ATT Unites MoveOn & Christian Coalition

    May 26, 2006
    WebProNews Staff

Something historic has happened in Washington. joined hands with the Christian Coalition to jump all over a Democrat and a corporation. Be sure to check the window regularly for flying pigs (keep an eye out for the droppings too). What could have happened to bring these two together? A congressman’s stance (or lack of) on Net Neutrality.

During a House committee vote on the Internet Freedom and Nondiscrimination Act, Republicans and Democrats made their decisions one by one until the measure was passed 20-13 (with both parties in the “yes” column).

But wait, says MoveOn, that’s 33 votes. There were 34 representatives in on that committee meeting (out of 40).

Massachusetts Democrat Bill Delahunt voted “present,” they learned when reviewing the roll. Present? He must have dozed off and dreamed that he was back in school.

“The free and open Internet was under seige, and your representative in Congress boldly…abstained,” wrote MoveOn’s Eli Pariser in an email.

The victory in the House Judiciary Committee was the first solid victory for’s initiative that includes MoveOn and a wide range of organizations on the political spectrum.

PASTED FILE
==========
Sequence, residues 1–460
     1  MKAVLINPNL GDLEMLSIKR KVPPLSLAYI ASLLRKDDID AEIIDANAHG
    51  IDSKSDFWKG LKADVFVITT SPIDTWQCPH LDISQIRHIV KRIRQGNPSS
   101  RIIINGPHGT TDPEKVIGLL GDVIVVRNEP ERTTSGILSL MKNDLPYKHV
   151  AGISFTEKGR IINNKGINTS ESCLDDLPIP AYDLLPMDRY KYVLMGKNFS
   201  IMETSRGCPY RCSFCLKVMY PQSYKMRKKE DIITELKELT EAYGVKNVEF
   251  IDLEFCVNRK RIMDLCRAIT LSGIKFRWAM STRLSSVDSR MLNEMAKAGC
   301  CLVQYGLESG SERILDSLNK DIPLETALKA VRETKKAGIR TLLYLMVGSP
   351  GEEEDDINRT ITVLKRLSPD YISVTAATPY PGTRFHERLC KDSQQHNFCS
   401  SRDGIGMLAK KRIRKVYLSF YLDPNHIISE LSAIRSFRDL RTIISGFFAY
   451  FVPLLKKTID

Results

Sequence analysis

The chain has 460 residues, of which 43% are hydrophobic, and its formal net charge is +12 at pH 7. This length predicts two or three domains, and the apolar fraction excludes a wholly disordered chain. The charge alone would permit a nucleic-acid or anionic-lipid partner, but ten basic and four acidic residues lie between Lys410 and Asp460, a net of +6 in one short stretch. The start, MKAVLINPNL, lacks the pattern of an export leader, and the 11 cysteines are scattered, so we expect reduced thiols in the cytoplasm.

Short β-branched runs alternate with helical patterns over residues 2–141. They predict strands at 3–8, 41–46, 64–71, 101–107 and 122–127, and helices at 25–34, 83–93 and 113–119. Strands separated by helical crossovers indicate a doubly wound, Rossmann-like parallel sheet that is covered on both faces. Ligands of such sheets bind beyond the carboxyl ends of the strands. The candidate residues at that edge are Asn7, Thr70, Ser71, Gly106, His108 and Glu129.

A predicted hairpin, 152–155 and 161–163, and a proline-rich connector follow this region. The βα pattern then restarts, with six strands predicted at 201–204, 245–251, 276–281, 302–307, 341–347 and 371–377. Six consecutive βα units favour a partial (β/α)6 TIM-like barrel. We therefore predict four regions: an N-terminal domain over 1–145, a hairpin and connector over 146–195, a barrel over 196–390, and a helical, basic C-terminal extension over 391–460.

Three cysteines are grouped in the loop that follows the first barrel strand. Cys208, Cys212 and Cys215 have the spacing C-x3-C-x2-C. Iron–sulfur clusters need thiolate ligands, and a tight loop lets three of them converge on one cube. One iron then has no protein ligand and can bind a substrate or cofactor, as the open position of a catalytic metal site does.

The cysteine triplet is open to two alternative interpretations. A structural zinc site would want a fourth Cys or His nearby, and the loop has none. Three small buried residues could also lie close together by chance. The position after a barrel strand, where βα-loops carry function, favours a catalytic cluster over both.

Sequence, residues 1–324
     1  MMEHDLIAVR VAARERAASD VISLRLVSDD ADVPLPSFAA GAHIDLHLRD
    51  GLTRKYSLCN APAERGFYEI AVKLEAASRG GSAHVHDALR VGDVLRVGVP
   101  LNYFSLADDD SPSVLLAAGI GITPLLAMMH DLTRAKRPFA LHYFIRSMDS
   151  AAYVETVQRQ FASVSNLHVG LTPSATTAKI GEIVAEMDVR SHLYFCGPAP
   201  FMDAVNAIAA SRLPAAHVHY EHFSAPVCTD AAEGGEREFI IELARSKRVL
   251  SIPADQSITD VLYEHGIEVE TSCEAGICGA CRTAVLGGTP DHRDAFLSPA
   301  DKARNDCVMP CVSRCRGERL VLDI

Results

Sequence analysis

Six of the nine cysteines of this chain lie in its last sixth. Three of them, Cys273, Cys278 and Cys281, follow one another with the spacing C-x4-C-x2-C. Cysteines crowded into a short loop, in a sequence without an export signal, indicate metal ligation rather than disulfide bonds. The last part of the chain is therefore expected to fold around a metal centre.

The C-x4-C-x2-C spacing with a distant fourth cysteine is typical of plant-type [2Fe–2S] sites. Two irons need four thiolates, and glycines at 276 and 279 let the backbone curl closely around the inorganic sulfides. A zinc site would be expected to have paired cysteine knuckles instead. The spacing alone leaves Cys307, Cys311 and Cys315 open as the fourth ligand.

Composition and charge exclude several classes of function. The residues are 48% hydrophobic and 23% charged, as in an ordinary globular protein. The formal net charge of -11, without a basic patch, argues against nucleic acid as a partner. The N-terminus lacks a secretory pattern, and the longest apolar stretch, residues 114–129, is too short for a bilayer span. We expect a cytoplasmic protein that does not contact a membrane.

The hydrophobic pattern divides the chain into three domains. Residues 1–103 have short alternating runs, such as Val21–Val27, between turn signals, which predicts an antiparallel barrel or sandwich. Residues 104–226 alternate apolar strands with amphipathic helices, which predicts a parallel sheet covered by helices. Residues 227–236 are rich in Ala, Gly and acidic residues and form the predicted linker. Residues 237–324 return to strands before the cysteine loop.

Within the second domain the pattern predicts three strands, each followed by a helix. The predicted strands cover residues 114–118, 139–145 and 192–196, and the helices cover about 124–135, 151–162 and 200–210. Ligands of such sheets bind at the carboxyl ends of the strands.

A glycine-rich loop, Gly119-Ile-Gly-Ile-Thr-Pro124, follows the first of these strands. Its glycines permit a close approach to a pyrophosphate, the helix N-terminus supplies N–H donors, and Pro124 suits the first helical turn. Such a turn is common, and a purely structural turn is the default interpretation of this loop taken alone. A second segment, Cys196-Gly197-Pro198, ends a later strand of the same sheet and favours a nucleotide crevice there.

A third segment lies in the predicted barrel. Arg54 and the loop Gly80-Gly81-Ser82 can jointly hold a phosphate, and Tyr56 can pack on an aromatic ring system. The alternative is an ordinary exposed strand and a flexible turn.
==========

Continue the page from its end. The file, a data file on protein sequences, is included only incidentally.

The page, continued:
“Our pressure achieved a strong bipartisan victory-6 Republicans joined 14 Democrats for a bipartisan 20-13 vote. But it was a nail-biter until the very end, and every representative could have been the deciding vote,” said Pariser.

“Of course, to be the deciding vote, members of Congress have to decide.”

MoveOn subsequently posted all of Delahunt’s contact information on their website so constituents could aid him in his decision-making process. Funny, Delahunt doesn’t mention his lack of opinion on the House minutes posted on his website.

Conservative rightist group the Christian Coalition joined in with MoveOn’s cause by publicly announcing the joint effort to preserve Net Neutrality, which Republicans have typically been opposed to. The two organizations have temporarily put aside their differences to raise money for a $70,000 full page advertisement in the New York Times.

“We never thought we’d see the day, but it’s come: we’re working together with the Christian Coalition,” reads MoveOn’s website.

The ad will read, “When it comes to protecting the Internet, the Christian Coalition and MoveOn respectfully agree.”

Delahunt will have until June to make his decision, when the act reaches the House floor.


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